The exhibit is enormous! The layout is odd as you find yourself in cul-de-sacs wondering whether you've reached the end, only to peer around the corner of the room you already went through and find another you haven't seen on the other side. The rooms bear names like "Apprehension" and "Crisis" and "Epic," stark labels that the paintings match. If you only think of Bacon as gaping grimaces and tortured flesh, this exhibit serves as a reminder of all the variations through which Bacon passed and offers many surprises from the 1933 crucifixion which hints at all the early paintings destroyed to the surprising whimsicality of a sudden spray of water which seems to splash right out of the frame among his late work. There is a reel of BBC interviews that show Bacon murmuring with erudition in that silky voice so at odds with the frank violence of much of his work. Wonderful!

Monday I finally made it back to the National Gallery, snapping a bit of Les Grandes Baigneuses as wallpaper for my phone, visiting the Caravaggios and tracing the steps through a portion of the gallery I want to use in a story. A flimsy excuse for a trip to London, but there you are. I checked out the Sisley exhibit, too, which was like a lovely visit to Wales.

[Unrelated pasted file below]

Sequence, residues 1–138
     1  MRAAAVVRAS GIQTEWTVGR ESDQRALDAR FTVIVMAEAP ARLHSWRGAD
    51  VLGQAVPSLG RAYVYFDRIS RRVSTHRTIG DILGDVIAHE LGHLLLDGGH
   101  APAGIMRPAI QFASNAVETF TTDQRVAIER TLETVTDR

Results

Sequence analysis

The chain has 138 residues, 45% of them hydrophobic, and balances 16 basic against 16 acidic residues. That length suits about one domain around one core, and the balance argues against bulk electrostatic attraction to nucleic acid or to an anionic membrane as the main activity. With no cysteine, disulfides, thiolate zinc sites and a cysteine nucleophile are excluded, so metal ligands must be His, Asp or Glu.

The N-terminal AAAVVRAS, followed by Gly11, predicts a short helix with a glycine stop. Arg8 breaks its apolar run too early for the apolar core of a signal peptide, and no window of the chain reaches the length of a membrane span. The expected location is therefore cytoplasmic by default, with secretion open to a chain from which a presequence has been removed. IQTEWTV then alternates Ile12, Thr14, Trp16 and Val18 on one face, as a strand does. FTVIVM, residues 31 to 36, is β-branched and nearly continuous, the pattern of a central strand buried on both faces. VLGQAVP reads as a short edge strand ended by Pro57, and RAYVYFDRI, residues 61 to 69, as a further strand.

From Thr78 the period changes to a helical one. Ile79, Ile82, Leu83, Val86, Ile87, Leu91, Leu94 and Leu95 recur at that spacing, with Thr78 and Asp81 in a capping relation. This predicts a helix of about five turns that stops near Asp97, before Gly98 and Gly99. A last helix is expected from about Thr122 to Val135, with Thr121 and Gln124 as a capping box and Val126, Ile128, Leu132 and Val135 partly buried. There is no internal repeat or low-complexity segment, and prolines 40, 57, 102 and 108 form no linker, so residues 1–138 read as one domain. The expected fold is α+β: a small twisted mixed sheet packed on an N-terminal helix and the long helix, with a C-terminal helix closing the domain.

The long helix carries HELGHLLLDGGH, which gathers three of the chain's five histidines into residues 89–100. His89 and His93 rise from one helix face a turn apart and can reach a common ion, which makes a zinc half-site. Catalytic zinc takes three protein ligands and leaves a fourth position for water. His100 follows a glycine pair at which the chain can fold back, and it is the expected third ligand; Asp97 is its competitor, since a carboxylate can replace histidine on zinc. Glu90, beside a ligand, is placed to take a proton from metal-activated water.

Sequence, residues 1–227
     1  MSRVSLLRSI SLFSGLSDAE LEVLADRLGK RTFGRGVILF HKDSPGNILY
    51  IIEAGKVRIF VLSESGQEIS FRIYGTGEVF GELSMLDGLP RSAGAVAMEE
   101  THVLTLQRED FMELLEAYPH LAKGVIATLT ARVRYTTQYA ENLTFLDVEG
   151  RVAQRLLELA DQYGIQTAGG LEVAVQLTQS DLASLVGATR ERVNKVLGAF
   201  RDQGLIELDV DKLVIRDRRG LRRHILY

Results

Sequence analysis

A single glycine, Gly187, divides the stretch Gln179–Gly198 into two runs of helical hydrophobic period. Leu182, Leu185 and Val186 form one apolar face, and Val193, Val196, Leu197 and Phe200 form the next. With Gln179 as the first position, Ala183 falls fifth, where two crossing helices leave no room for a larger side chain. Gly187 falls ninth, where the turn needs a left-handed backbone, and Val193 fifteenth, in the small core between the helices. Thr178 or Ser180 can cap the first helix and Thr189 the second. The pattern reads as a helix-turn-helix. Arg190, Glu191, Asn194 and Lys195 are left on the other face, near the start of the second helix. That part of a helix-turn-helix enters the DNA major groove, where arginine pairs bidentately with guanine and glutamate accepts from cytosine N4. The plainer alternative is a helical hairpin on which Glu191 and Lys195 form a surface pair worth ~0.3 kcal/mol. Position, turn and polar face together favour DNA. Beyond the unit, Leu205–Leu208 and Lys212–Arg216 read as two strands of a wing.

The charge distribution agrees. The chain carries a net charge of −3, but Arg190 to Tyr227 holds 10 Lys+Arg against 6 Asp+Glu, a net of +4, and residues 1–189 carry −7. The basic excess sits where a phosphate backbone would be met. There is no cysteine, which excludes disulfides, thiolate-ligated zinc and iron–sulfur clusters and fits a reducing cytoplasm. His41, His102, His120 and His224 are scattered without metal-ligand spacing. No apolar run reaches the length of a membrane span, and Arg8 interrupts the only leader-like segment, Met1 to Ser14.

Then it was time to head out to Hanwell to visit that talk-of-the-town, London superstar Sophie Brooks and her "entourage" (or you might say, her mum and dad) where as usual I was treated to lots of good food (mmm, thanks Liz!), fun conversation and plenty of dancing by the superstar herself, although the highlight may have been Sophie and Brad's re-enactment of the classic "Duck season! Wabbit season!" dialogue. As always, I got to laze around and enjoy their hospitality and feel at home. Perfect way to end a trip (if it has to come to an end, sigh). Big thanks to my hosts in London for a lovely time -- and aren't they a handsome bunch?

Long day today -- somehow my colleagues and students were not the least bit sympathetic to my moaning about all the work that piled up while I was gone. Sigh.

Sunday, November 30, 2008

London Recap, Part Two: Not dining with Mr Jones